What however shocks this writer about the violations of the diplomatic immunity of Nigerian Embassies as have happened in Ghana and Indonesia and a similar issue of controversy linked to the Nigerian Embassy in Congo, is that the President who should speak for Nigeria and Nigerians and defend our Sovereignty which is violated, has chosen to maintain undignified silence but rather asked the Foreign minister to be at the forefront of making the position of Nigeria known to the aggressors and in the case of Ghana, it was the mere Special Assistant on Media to the President that spoke for Nigeria and stated comically that Nigeria wouldn't retaliate to the humiliation that Nigeria suffered in Ghana when a part of her Embassy was bulldozed to the ground by a private individual of Ghanaian origin. The President of Ghana that allegedly apologised added a caveat to the effect that Nigeria has no papers for the part of the Nigerian Embassy that was violently demolished. The shock being expressed here is how the diplomatic immunity of Nigerian Embassies is being violated with reckless abandon by other citizens and the President is actively asleep on his duties to Nigeria.
A researcher who wrote on Diplomatic immunity, in international law, stated that these are immunities enjoyed by foreign states or international organizations and their official representatives from the jurisdiction of the country in which they are present.
Extraterritoriality Immunity on the other hand is the inviolability of diplomatic envoys which has been recognized by most civilizations and states throughout history.
The writer stated that, to ensure exchanges of information and to maintain contact, most societies—even preliterate ones—granted messengers safe-conduct.
Traditional mechanisms of protecting diplomats included religious-based codes of hospitality and the frequent use of priests as emissaries. Just as religion buttressed this inviolability, custom sanctified it and reciprocity fortified it, and over time these sanctions became codified in national laws and international treaties.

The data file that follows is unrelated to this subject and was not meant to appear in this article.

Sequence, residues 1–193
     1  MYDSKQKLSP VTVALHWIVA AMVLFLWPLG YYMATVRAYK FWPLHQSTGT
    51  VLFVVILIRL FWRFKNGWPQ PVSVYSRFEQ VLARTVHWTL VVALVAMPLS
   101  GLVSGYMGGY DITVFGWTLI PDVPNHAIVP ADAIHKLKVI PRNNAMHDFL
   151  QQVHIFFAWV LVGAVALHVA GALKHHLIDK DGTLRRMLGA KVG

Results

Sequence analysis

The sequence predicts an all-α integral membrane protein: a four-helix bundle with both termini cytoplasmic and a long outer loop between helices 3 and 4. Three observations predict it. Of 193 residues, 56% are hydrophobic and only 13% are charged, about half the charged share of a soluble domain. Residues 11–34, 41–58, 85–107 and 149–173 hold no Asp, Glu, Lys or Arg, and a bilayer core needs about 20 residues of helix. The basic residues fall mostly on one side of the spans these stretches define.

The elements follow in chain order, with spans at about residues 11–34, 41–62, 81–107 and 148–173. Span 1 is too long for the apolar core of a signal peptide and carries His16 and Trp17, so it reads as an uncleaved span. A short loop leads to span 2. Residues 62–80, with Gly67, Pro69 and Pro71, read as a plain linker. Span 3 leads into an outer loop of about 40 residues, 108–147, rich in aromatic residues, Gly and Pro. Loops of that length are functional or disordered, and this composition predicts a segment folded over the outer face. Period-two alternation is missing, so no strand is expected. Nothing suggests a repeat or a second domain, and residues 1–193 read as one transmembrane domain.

Historically, the writer said that during the Middle Ages in Europe, envoys and their entourages continued to enjoy the right of safe passage. A diplomat was not responsible for crimes committed before his mission, but he was answerable for any crimes committed during it.
The writer said that during the Renaissance permanent—rather than ad hoc—embassies developed, and the number of embassy personnel, as well as the immunities accorded to them, expanded. When the Reformation divided Europe ideologically, states increasingly turned to the legal fiction of extraterritoriality—which treated diplomats, their residences, and their goods as though they were located outside the host country—to justify diplomatic exemption from both criminal and civil law.
The researcher recalled too that "The doctrine of quasi extra territorium (Latin: “as if outside the territory”) was developed by the Dutch jurist Hugo Grotius (1583–1645) to sanction such privileges."